I read the ABC Religion and Ethics blog by Scott Stephens the other day. It was written in the context of the testimony given by Cardinal George Pell before the Royal Commission into Institutional Responses to Child Sexual Abuse. The subject matter was ‘The Religion of the Humble and the Peril of Institutional Atheism’.
Whilst the findings of the Royal Commission are likely to have a significant impact on the life of the Uniting Church, what struck me about this blog was the use of the term ‘spiritual worldliness’.
As I understand it, the term means putting yourself at the centre. It is what Jesus saw going on among the Pharisees: “You who glorify yourselves…who give glory to yourselves.”
The article was directing criticism at the Catholic Church and a perceived tendency to conduct affairs in a manner that arrogates glory to itself by becoming the focus and end of its own activities.
I found myself wondering whether that criticism could also be directed at the Uniting Church. Not so much in relation to the Royal Commission but, for instance, in the aftermath of Uniting our future and the ensuing Major Strategic Review.
My thinking centred around how easy it is to convince ourselves, or the various councils of the church, that disposing of this, or acquiring or developing that, or heading in this or that direction is for the greater glory of God when, in fact, it may well be for the greater glory or possibly the greater comfort of the people or the institution.
The front page of last month’s Crosslight featured a launch of a questionnaire to aid the process of the Major Strategic Review of the Synod of Victoria and Tasmania.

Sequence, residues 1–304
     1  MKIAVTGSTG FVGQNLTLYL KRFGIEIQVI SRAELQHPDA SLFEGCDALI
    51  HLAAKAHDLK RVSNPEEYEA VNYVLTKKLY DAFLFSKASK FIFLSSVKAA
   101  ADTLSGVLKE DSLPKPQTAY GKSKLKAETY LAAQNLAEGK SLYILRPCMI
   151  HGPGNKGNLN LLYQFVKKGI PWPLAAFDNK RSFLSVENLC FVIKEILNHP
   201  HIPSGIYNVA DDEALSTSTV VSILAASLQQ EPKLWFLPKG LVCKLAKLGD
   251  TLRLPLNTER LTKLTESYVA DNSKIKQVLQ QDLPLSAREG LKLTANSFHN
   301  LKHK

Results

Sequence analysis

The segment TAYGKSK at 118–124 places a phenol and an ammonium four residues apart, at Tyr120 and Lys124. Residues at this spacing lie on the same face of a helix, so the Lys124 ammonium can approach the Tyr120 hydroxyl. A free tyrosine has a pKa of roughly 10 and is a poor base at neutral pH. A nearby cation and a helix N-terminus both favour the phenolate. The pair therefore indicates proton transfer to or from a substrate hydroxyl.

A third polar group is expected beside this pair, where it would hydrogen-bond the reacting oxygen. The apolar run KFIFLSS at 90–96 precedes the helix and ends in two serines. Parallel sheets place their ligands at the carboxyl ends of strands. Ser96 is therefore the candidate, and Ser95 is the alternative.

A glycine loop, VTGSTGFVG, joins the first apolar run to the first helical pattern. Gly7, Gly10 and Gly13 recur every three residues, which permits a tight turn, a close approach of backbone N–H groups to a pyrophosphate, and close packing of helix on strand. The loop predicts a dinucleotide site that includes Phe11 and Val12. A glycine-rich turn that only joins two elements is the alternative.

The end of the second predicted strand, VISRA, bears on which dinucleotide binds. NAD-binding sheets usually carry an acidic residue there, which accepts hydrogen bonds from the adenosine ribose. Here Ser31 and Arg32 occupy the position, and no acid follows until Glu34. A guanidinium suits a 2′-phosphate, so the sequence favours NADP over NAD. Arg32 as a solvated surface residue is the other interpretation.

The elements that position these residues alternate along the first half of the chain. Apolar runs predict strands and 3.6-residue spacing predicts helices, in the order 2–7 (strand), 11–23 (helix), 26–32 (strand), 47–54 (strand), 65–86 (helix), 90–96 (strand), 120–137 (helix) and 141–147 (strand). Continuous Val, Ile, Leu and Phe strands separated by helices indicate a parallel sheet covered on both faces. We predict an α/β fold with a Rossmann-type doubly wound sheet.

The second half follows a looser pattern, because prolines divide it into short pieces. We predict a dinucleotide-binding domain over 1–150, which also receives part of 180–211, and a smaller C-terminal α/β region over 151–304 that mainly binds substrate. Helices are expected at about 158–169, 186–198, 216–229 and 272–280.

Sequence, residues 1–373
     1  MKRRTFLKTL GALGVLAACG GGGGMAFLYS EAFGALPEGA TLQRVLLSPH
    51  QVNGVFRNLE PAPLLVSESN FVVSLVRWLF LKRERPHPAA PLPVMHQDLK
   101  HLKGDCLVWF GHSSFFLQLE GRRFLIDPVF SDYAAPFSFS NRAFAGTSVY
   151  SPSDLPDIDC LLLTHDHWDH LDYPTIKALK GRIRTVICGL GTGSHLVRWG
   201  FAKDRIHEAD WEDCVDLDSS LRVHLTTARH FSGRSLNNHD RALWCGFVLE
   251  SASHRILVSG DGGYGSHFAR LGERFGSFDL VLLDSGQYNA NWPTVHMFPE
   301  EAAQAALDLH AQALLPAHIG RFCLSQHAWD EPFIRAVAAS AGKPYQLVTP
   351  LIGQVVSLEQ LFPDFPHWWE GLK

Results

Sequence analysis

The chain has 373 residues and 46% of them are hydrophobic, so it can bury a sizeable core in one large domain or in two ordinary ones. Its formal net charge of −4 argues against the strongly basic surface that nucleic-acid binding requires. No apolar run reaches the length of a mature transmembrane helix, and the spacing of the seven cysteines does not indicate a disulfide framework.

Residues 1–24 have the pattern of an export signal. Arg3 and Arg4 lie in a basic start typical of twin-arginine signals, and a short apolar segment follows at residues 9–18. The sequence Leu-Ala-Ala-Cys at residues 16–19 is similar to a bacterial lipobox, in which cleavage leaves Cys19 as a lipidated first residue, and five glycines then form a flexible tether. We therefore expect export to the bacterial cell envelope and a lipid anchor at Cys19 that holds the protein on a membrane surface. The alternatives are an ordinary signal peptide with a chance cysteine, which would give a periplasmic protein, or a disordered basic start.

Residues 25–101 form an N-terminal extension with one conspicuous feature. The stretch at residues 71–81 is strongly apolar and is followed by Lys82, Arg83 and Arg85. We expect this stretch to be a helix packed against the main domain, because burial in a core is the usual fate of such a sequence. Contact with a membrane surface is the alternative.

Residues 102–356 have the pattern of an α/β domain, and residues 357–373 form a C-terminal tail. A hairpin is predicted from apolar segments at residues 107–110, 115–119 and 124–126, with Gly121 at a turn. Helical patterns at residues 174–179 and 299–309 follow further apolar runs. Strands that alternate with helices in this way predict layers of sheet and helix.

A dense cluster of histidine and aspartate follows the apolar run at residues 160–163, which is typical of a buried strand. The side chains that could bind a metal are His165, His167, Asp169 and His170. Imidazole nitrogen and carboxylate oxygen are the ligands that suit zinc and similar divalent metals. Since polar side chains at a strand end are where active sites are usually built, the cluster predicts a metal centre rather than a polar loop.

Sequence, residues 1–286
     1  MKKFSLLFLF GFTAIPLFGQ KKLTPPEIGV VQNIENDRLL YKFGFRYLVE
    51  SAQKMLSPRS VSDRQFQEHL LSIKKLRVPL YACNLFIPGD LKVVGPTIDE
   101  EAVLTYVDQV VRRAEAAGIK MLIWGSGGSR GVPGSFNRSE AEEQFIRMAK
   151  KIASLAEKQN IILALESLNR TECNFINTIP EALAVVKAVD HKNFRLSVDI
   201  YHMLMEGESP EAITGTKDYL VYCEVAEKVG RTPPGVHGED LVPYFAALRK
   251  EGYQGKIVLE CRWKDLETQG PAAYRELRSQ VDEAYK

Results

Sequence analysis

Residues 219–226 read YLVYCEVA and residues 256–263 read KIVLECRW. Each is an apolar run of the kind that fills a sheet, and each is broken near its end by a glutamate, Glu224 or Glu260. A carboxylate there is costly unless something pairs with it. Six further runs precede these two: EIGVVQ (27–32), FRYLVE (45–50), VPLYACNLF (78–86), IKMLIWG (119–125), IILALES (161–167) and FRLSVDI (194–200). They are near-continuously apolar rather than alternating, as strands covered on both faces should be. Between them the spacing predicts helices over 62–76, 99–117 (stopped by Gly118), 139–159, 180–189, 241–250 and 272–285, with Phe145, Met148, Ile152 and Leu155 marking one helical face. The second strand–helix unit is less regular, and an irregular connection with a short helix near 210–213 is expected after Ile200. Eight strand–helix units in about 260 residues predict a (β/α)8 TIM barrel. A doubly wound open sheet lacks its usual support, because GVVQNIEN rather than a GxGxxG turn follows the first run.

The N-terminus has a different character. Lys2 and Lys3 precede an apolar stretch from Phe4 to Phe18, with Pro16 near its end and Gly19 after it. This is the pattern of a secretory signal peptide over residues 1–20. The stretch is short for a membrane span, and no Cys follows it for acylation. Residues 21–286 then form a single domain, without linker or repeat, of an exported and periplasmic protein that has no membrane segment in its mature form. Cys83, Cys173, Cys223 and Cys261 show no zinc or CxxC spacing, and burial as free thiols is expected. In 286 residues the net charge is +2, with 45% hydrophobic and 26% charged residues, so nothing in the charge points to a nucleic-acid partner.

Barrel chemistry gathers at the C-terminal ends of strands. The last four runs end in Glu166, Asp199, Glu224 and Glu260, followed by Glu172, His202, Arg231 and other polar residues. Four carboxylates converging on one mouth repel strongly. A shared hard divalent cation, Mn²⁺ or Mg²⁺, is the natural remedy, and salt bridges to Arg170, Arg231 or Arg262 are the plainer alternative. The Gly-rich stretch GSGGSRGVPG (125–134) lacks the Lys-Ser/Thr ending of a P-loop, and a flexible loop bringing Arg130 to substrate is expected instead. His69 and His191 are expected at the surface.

It suggested this was “a chance for Church members to say what they really think, about what they really want”. I wondered whether this too could be construed as spiritual worldliness, particularly if it is not responded to in a prayerful manner.
According to the ABC blog, the phrase was originated by Henri de Lubac in his book, The Splendour of the Church (which I confess I have not read) where he apparently asserts that spiritual worldliness feigns the appearance of an other-worldly orientation but behaves as though God does not exist.
All our work in the life of the Church should of course be to humbly orient ourselves and others toward the worship of God – worship that precipitates personal change.
Yet, in recent months, I have heard much talk about ‘strategy’ and that ‘the greatest risk to the survival of the Synod is a lack of a strategy’. It is assertions such as this that give rise to concern that our values could potentially be based on the values of this world as apart from those of Jesus, which stir us to the worship of God.
Rather than speaking of ‘survival’, I believe that all Christian denominations would do well to recognise that Christianity will only flourish when it ceases to be self-concerned and inward-looking.
When we as individuals and as a collective institution give ourselves away for the sake of others, we will inevitably find our true orientation and focus.
To use the words of a very well-known and oft quoted hymn:
We limit not the truth of God
to our poor reach of mind,
by notions of our day and sect,
crude, partial and confined.
no, let a new and better hope
within our hearts be stirred:
The Lord has yet more light and truth
to break forth from his word.